When someone dies, it feels like the world gets a little quieter. A lot of times we hear people say that when someone who is older or suffering in some way dies, it is a blessing. Sometimes, death is a shocking event that takes us completely by surprise. Regardless of how it happens or when it occurs, it creates a void in our lives. It creates an empty space in that place in our hearts that was once carved away for someone we loved dearly.
My husband's grandfather, Louie, passed away yesterday at the age of 91. He had fifteen children and was a farmer by trade. When I married my husband, I became the 100th member of the family--it was (and still is) an honor to be part of such an amazing legacy. That's me, on my wedding day, dancing with one of his crutches. Four years later, the family is 122+ strong. It's amazing, really. He began it all by marrying the love of his life all those years ago.
I thought a lot yesterday, and still today, about death--and living. I remind myself that I don't often think of these things until someone dies, and for that I feel ashamed. Why is it that we wait for someone to leave this Earth before we step back and think about how we choose to spend our time here? Why wait until it hits us that our time isn't promised to us that we feel inspired to really start living? The ticking of our own clock gets a little louder, and more profound, in those moments where it occurs to us that we won't be young forever. Or, the chance to really understand the importance of making the best of every precious moment. Death has a way of bringing that all back to us in waves, doesn't it?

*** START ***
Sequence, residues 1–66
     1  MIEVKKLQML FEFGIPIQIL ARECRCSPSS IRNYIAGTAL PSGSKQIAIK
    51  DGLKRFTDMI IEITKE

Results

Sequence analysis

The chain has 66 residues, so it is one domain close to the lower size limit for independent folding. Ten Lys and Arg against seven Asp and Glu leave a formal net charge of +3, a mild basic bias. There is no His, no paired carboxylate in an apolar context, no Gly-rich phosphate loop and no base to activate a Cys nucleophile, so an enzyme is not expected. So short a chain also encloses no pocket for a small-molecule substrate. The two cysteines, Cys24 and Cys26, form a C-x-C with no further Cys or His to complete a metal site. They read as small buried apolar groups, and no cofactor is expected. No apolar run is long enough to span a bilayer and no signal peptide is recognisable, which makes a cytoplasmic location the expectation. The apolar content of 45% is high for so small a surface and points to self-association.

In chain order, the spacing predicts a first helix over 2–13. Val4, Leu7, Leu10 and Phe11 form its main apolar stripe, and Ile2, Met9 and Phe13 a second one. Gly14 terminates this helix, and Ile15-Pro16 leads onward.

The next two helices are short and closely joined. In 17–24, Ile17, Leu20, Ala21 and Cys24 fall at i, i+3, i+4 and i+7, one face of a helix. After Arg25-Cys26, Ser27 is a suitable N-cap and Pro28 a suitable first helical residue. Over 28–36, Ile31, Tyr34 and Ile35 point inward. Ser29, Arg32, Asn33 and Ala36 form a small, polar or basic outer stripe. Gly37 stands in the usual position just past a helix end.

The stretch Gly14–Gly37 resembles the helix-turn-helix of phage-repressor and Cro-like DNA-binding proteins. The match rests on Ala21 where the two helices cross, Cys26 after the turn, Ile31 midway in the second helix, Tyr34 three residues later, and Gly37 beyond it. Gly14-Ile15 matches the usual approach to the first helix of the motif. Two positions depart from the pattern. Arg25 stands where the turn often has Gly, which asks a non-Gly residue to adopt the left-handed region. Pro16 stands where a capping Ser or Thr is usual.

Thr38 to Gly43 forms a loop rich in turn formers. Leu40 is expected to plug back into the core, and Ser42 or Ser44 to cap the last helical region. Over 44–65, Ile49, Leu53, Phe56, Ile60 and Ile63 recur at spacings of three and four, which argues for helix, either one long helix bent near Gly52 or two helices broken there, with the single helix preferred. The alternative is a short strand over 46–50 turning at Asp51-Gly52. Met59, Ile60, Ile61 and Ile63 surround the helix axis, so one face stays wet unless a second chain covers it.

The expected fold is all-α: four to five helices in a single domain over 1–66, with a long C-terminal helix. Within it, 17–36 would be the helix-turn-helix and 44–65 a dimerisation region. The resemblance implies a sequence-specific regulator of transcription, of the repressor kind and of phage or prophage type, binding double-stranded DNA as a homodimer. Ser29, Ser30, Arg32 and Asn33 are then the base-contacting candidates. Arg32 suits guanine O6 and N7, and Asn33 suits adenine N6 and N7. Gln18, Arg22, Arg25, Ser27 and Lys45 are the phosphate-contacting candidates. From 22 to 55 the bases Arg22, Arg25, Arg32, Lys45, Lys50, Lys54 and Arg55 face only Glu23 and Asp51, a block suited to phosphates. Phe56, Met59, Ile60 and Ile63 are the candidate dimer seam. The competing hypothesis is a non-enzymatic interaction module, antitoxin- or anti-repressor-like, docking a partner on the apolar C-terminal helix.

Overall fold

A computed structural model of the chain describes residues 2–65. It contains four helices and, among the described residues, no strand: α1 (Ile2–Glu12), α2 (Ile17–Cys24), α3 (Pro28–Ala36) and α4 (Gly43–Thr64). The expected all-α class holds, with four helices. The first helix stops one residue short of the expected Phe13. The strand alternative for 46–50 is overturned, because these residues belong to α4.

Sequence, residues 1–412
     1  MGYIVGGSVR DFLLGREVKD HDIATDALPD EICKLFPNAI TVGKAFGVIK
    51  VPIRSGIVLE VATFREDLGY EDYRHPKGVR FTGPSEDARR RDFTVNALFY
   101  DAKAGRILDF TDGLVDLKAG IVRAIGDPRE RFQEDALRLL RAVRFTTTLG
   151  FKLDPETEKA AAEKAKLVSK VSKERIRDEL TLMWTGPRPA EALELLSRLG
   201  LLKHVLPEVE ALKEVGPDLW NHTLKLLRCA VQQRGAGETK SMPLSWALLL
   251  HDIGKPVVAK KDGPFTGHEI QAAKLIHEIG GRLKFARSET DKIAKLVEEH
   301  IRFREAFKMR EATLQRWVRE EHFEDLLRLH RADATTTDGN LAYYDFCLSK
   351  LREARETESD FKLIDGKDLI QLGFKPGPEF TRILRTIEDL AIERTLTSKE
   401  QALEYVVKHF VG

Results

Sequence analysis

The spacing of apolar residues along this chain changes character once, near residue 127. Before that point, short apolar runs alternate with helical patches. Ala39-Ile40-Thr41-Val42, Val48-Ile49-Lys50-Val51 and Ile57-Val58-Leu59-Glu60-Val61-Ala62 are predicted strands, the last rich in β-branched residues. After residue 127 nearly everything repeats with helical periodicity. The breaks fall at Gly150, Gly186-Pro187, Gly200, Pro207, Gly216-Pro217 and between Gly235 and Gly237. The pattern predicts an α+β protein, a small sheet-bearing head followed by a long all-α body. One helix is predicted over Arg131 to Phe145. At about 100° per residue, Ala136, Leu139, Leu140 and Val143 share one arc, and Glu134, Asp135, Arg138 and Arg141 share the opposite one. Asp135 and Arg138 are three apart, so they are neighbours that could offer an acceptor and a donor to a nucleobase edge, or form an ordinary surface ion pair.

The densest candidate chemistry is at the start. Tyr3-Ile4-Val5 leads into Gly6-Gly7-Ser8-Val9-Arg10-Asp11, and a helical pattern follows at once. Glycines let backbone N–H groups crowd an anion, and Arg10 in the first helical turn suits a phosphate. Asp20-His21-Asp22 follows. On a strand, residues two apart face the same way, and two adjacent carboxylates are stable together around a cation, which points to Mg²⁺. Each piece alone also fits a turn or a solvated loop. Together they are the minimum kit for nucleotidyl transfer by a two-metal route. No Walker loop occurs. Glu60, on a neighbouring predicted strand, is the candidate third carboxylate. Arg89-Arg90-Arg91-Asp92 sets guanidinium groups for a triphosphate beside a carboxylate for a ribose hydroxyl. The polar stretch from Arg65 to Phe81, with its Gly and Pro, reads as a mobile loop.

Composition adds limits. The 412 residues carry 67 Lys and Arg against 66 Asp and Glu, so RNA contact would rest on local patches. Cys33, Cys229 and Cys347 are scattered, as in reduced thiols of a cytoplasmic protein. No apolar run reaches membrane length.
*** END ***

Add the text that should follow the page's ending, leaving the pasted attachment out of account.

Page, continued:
I'm not often reminded of my own mortality, but losing someone dear always manages to dredge up those things in my own life. I should take more chances. I should stop dwelling on the negative. I should spend every last moment doing things that make me deliriously happy. I should learn to let things go--the things that really don't matter--to make room for the things that do. I should turn off the radio and just drive in silence instead. I should take shorter showers and go for longer walks.
Though he wasn't my grandfather, it still reminds me of all the things our grandparents represent in our lives. I was fortunate enough to grow up with three of my grandparents and today, I sincerely miss their presence in my life. I think a lot about what it means to live that long---over ninety years--and the strength and wisdom it takes to live such a full life. My mother has always told me that grandparents are an amazing judge of character. If we brought someone to a family function that my grandmother didn't like, she would always say so--and she was always right. The opposite was also true; when she told me my husband was a good man, I knew she was right.
I think a lot too, about what it might have been like to live through the Great Depression. To know what it was like to fight a war. Or, to raise children in an era where people were trustworthy and doors did not need to be locked. I wish I had asked my grandparents more questions. I wish I had listened a little closer when they told me stories or gave me advice. I didn't realize the inheritance I was receiving until it had been all but lost due to dementia or illness.
More than anything, I am completely captivated by true love. Our grandparents lived in an era where divorce wasn't common--but long marriages were. I think a lot about what marriage meant back then, and what it might be like to lose the love of my life. That's what marriage really is all about. Sticking together, through every obstacle life has to offer, for decades. And though death may separate someone from loved ones, it also reunites true love again. And that's a beautiful thing.